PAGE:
You might also wish at this stage to look at anti-Jewish decrees, although this subject can also be discussed when the database is being used. As an example, we suggest the activity Anti-Jewish decrees, which is designed for group work. Its aim is to give pupils room to acquaint themselves with selected anti-Jewish decrees, and to think about their effects.
For the activity you will need a set of around ten decrees, the full versions of which can be found on the holocaust.cz portal (see Anti-Jewish laws and decrees). Write each decree on a card and distribute them among the pupils in each group. The pupils must not show each other the decrees. Each member of the group then, independently, draws a symbol on a piece of paper which expresses the decree. The pupils then show the symbols to the other members of the group, and they try to guess which decree is being represented.
In the second part of the activity the pupils work together to try and place the decrees in order in terms of how severely they would have affected people's lives. This is not about finding the right answer - which probably does not exist - but an exercise in thinking about the decrees. Pupils then explain to the other groups why they have put the decrees in that particular order.
Using the database
There are several ways in which pupils may start to use the database. They may search by name and surname, start from the various documents, from birth date etc. The form of searches and the way in which they are processed can also be varied. The approach chosen should aim to help the pupils understand the role of law at a time of lawlessness, but whether the work that emerges takes the form of a presentation, a story, theatre scenes, an image, poem or anything else is up to teachers. It is also up to teachers to decide whether to use group work, to let individuals come up with their own work, to have the results presented together, or to use them in an event involving the whole school. The flexibility of the educational model, the interactive and heterogeneous way in which the database of victims may be used, and the ability to set various kinds of tasks makes it suitable for use in inclusive education. Pupils with various talents and various abilities may use the database - some will show considerable flair for searching in context, while others will be able to connect information on the lives of several people in a logical way. Others may understand the German terms used.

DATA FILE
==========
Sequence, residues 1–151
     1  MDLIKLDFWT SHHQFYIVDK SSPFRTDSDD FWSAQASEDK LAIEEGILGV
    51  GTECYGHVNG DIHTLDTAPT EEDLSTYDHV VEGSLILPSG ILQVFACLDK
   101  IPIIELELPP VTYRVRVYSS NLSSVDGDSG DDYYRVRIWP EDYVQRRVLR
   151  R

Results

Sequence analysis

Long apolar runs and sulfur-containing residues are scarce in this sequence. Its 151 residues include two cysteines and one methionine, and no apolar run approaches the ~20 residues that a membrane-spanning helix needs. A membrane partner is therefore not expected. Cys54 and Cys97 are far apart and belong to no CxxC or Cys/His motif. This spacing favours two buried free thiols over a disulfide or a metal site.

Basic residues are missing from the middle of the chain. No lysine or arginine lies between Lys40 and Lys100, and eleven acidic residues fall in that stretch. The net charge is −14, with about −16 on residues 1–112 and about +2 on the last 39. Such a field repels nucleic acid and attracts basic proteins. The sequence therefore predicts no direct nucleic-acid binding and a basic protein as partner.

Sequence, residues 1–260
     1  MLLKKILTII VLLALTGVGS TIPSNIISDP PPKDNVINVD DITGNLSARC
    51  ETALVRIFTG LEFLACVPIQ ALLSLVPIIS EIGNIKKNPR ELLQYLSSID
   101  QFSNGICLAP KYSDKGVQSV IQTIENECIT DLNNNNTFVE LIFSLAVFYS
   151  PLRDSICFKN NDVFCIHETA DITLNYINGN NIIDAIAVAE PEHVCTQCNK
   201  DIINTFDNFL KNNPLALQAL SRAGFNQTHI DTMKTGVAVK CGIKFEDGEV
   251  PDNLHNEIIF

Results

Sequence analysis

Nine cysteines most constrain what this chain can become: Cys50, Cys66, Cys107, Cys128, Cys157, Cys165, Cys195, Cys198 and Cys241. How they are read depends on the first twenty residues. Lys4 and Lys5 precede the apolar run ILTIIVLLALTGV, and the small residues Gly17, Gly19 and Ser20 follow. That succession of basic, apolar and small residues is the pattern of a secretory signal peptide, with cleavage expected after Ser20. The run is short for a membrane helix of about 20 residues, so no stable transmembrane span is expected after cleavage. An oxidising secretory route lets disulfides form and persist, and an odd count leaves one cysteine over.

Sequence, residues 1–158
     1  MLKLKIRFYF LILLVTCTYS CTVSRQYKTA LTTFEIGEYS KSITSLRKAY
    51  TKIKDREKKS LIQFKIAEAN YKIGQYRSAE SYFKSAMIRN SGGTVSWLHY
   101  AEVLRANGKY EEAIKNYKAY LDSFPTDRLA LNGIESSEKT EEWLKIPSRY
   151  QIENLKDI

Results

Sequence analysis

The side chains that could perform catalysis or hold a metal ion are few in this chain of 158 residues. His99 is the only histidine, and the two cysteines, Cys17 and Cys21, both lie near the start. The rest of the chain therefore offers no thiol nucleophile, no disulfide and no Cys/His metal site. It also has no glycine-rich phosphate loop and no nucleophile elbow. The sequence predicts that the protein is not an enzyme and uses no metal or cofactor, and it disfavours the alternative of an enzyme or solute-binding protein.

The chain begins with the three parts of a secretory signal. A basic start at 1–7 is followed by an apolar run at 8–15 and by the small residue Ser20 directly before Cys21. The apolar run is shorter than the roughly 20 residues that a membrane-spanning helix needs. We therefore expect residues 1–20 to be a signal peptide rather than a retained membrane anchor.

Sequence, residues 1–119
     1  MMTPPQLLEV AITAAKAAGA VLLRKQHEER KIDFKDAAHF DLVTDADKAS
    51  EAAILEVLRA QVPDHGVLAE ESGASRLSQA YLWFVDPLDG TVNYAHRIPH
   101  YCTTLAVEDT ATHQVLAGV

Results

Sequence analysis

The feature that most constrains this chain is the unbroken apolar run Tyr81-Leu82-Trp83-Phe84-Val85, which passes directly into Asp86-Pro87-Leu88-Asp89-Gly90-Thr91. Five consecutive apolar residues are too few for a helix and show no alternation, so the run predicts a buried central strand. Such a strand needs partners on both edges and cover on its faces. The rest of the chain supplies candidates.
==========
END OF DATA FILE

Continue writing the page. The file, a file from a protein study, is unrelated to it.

Although we want users to approach the database with the smallest number of recommendations and limitations, we would like to draw your attention to three important aspects that it is important to take into account:
1. The documents relating to individuals are, for the most part, authentic materials from the Prague police archive (currently stored in the National Archive in Prague). They have not been altered or corrected in any way. Pupils will have a unique opportunity to work with authentic historical sources and to try their hand at historians' work. This type of activity should help them to make use of heterogeneous texts as a source of inforamtion, and also to become aware of how written history is in fact created.
Authentic materials are sometimes difficult to work with, for purely practical reasons - the manuscript may be hard to read, or some expressions may be difficult to understand. We realise that we cannot anticipate all possible complications, and we have not even tried to - this is simply an aspect of working with historical documents. We offer at least partial help in the Guide to Using the Database of Victims and Digitalised Documents, where you will find explanations of some concepts and the most frequent types of documents.
2. Given the origin of the documents - this is a police archive - users should also be aware that the documents show only small fragments of the lives of those they concern. Much information is missing, or is not directly shown - pupils will thus have a certain amount of freedom and room to undertake a certain degree of detective work. The results of their research will not be easy to verify - there is no single correct answer, no single correct attempt at reconstruction. But this should become a positive feature of using the database.
3. The third important aspect is contextual support for the documents in the database. The holocaust.cz portal is a rich source of detailed information on the fates of Jews and Roma during the Second World War, and the information gained in the reconstruction of particular lives and stories can thus be set in the period context.